Kazuo "Kayo" Terayama

March 28, 1926 - July 13, 2020

Kayo

Kayo and Toshi

Kayo

Kayo and Karen

Obituary

Kayo passed away on July 13, 2020 at the age of 94.  He was born March 28, 1926 in Port Blakely on Bainbridge Island, WA.  He was one of six children that grew up on a strawberry farm near Battle Point Park on the Island with their parents Otozo and Yoneko Terayama.

In March 1943 during WWII, his family and all other Japanese on Bainbridge were forced to leave their homes guarded by soldiers to an unknown location for an unknown timeframe.  Like Kayo, 66% of the evacuees were American citizens and their only “crime” was to be a Japanese American.  Kayo’s three older friends found a way to ‘escape’ the confines of Minidoka’s concentration camp.  With the help of the Quakers they arranged jobs and housing in Chicago.   Kayo did not want to be left behind.  He signed up for 8 classes in the Fall 1944 semester so he could graduate from high school early.  Despite never going to classes, he somehow passed and received his diploma.  At age 18 with diploma in hand, he was able to join his friends for their 9-month adventure in Chicago.  He worked for 9 companies in 9 months, earned enough money to send some to his parents at camp and to buy a car which got them all back to Minidoka to rejoin their families as the camp closed in 1945.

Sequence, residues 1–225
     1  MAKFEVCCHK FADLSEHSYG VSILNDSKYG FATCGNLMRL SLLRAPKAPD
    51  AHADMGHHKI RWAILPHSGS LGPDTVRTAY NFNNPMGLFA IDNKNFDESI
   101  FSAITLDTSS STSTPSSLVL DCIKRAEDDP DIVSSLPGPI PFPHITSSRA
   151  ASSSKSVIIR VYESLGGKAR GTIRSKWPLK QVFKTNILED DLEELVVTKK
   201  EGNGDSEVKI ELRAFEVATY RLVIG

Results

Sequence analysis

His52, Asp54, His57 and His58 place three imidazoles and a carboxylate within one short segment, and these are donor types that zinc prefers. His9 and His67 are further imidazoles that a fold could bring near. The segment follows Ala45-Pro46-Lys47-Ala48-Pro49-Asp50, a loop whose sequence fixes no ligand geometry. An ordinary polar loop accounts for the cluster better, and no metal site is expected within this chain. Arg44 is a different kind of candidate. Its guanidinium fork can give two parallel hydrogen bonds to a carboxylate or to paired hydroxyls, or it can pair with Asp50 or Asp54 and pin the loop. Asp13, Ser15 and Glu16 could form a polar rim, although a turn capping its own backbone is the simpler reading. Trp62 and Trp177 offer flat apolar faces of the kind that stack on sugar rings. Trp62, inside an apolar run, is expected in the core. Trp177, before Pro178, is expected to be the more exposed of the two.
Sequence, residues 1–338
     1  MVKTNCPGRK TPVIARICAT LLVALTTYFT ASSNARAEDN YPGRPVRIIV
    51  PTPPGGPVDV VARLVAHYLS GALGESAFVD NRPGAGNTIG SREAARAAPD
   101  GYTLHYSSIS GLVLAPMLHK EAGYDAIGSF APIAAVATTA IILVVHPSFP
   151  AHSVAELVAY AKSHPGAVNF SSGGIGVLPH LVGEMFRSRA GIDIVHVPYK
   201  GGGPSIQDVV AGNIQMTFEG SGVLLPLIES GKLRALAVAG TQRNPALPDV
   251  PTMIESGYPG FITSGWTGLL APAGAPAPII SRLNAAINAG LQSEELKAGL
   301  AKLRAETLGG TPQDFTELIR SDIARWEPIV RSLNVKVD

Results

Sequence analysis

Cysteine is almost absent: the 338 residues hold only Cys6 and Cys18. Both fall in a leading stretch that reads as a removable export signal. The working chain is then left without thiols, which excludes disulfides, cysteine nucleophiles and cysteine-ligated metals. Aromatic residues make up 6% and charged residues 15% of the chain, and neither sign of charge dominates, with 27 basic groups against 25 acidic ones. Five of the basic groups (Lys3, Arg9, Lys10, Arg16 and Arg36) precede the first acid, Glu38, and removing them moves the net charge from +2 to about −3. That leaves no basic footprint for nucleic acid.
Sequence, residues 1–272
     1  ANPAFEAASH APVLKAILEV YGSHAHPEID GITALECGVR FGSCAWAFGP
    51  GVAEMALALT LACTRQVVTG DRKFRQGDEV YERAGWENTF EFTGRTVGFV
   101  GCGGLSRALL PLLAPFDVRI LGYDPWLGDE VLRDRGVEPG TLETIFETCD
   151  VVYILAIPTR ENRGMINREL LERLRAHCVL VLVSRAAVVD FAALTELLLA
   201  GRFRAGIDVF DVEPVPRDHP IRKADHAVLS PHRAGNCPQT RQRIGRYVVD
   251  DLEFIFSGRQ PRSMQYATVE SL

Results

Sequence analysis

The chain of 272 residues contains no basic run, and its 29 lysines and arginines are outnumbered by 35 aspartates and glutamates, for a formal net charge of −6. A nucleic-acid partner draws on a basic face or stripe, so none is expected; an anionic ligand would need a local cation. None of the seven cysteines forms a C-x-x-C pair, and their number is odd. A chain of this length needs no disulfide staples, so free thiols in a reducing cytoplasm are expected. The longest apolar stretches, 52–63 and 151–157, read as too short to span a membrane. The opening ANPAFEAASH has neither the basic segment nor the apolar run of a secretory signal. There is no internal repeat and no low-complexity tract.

The Terayamas eventually found their way back to Auburn, WA to rebuild their lives.  Along the way Kayo met Toshi ‘Teri’ Matsumura at Imperial Lanes bowling alley and knew that she was who he was going to marry.  And they did in February 1951 in Seattle.  Daughter, Karen, was born in 1955. 

By then Kayo and Toshi had started their own strawberry farm in Kent, where the Riverbend golf course is now.  In the early years, Kayo recruited tribe members from Canada and then Muckleshoot to work on the farm.  Later, many teenagers and young adults had their first jobs on the farm learning what hard work was and what it took to earn a dollar.  Before and after harvest time, Kayo taught a smaller group how to drive a tractor and the big trucks.  Toshi taught them how to weed.  Kayo’s Berry Farm was also known as the largest U-pick strawberry farm in Kent with hundreds of customers daily during the season’s peak.

In the 1960s, they lost the lease on the farmland and needed to find a new career.  They were still deciding when Kayo’s temporary job at a construction site gave them the answer.   At the completion of the building, landscaping was needed.  This time Kayo’s Japanese heritage worked to his advantage.  It was assumed he would know how to landscape.  However, Toshi was the one with the plant knowledge and maintained their perfectly manicured yard at home.  So they both got hired.  This was the start of Kayo’s Landscape.  They designed, planted and maintained many yards and grounds at Meridian Valley Country Club and other houses in the area for 20+ years. 

Golf was their passion post retirement.  Both playing and watching pro golf.  They sold their house to move to a condo in the valley.  Kayo chose this location because he could walk daily past the golf course where his strawberry field was.   Toshi passed away in 2011, but Kayo continued to walk daily and manage on his on own.